5 Ways To Get Your Finances Into A Better Position

Everyone wants to make sure that their finances are in the strongest possible position at all times, but ensuring this is obviously much easier said than done. If you are keen for this to happen for you as soon as possible, however, there are some things that you might want to focus on in particular to make sure it is the case. In this post, we are going to look at a few of the major things to focus on if you want to get your finances into a better position. You’ll find the following are all really vital and important things to look into and work on.

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Overhaul Your Habits

A lot of the trouble that most of us experience financially stems from having poor habits, so if you want to improve your financial life you should take a look at what habits you are currently adopting and what you can do to overcome them or improve upon them. For instance, you might find that you tend to overspend because you are liable to sudden bouts of luxury-shopping, in which case that might be a habit that you want to try and reel in as best as you can. By overhauling your habits and replacing them with better ones, your finances could be in a much better place in no time.

Get What You Are Owed

If you are hoping to get your finances into a better position, and you are owed any money at all, then this too is something that you should look into to ensure that you are in the best position possible. If you are owed money from anyone or any institution, getting that is vital – but that is not to say it’s always straightforward, easy or simple. How to go about it will depend on the nature of the debt. You might need to utilize a service like https://pcpclaims.com/ to get compensation you feel you deserve, or it might be that you have a private debt to call in. In any case, make sure you are getting what you are owed as soon as possible.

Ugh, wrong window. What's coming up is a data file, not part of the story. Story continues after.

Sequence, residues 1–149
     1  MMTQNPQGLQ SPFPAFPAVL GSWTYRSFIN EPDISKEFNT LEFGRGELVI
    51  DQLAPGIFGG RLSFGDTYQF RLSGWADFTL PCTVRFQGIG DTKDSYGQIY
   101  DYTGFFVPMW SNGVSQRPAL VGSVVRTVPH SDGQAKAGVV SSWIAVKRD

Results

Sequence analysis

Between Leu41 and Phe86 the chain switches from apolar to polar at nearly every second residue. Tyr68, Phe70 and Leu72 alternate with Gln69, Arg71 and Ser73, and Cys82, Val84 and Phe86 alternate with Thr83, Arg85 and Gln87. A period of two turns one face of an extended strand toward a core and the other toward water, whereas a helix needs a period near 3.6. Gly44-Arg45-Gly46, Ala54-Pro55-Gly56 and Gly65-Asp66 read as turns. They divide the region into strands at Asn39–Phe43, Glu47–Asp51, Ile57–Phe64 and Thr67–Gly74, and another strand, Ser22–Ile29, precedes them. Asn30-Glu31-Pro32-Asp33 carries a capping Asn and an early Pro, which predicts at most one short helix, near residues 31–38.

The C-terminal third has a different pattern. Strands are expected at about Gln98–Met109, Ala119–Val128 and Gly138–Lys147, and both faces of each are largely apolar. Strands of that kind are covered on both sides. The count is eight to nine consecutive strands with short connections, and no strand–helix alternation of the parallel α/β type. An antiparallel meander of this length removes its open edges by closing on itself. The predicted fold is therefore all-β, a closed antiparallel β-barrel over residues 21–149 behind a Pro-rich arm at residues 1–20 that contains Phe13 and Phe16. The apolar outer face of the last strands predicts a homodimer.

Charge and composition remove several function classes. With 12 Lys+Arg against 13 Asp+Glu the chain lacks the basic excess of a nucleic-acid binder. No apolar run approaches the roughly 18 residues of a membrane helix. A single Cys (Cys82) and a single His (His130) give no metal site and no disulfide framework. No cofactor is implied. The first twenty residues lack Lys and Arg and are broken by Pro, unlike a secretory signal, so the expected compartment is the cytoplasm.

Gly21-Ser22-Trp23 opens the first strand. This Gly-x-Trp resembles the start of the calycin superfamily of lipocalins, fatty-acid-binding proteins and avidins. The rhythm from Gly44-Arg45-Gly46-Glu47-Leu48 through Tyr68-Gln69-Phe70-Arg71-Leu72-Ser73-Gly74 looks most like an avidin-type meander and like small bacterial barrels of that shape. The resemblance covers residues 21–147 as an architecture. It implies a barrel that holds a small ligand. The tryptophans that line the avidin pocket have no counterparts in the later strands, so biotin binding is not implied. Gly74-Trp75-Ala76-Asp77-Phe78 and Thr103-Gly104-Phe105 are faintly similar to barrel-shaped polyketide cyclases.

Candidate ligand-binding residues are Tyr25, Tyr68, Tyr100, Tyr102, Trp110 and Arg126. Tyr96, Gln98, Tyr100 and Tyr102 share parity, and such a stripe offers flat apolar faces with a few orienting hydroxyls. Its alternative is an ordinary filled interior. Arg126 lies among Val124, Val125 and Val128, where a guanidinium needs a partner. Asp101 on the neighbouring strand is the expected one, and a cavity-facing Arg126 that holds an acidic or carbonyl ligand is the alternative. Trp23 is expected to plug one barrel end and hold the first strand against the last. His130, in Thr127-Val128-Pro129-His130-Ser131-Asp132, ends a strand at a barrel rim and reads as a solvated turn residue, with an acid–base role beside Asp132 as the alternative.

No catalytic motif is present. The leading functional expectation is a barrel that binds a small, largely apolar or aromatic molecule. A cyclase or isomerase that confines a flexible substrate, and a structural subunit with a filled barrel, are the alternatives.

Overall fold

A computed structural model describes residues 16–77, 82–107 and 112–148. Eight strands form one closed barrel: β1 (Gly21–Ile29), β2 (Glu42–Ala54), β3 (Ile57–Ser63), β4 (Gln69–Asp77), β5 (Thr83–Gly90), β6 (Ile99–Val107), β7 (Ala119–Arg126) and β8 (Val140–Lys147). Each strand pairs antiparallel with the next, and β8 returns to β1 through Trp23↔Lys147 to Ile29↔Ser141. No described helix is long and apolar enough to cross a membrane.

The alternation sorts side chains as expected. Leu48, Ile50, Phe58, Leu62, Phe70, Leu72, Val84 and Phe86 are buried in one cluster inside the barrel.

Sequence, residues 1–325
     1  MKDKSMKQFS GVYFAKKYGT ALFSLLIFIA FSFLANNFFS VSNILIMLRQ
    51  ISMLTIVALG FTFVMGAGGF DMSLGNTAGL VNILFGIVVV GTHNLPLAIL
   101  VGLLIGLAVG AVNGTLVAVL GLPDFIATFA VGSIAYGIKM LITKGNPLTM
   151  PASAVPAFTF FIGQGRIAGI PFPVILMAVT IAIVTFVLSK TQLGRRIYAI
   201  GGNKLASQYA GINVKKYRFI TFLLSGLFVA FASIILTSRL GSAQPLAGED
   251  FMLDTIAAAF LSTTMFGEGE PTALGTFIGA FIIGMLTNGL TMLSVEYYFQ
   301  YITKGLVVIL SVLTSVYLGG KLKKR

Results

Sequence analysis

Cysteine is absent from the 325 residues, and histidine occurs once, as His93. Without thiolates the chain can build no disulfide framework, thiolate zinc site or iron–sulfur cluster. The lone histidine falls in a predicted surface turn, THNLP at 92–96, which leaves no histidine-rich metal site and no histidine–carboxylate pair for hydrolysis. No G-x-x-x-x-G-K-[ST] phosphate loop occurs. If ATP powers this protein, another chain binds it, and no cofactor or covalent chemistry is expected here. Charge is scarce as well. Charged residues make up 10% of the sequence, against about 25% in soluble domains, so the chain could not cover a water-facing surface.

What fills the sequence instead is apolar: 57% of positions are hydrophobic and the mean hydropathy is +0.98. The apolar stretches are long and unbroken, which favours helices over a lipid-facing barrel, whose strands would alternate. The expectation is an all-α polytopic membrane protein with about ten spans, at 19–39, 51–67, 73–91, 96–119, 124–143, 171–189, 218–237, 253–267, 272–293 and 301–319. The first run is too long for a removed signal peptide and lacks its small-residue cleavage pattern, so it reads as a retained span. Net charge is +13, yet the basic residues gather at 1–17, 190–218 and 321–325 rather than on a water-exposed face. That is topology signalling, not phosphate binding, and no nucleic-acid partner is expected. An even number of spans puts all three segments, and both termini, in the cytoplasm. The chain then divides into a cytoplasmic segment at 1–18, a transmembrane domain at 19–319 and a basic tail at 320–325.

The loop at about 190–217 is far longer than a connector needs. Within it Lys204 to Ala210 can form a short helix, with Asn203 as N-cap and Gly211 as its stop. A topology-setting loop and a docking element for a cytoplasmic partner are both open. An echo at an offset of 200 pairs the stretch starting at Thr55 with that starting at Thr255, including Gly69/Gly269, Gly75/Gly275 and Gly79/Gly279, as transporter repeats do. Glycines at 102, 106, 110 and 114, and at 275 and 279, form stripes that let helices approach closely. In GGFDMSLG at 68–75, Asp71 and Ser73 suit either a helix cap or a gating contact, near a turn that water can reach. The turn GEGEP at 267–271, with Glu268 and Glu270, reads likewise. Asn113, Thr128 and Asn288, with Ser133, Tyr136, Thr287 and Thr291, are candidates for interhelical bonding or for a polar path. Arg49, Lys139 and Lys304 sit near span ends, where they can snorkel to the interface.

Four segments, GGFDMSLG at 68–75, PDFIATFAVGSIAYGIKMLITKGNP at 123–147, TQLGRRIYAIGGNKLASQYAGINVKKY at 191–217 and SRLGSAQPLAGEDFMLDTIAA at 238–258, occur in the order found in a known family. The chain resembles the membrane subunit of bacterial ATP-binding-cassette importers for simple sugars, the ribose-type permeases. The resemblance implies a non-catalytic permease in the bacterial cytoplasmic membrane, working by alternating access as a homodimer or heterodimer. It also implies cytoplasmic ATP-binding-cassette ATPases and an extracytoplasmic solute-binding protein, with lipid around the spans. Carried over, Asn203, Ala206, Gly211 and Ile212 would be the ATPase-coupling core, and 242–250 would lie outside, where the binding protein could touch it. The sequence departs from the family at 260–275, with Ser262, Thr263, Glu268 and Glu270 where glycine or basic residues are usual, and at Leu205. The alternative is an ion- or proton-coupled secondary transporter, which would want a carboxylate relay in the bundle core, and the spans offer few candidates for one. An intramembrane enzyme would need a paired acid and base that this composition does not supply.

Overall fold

Choose The Right Bank Accounts

Most people are struggling with a financial difficulty without even being aware of it: namely, they don’t have the right bank accounts to their name. If you have a bank account that you are not sure about the benefits of, you might want to consider switching it out for one that is more overtly beneficial for you. Some are definitely better than others in general, and you will find that there are many that are not suitable for your specific personal situation for some reason or another. It is therefore vital that you are looking into the details of your bank account as closely as possible, and switching to a better account wherever possible. This is going to help you to keep your finances in a much better position on the whole, so it is really worth focusing on as soon as possible.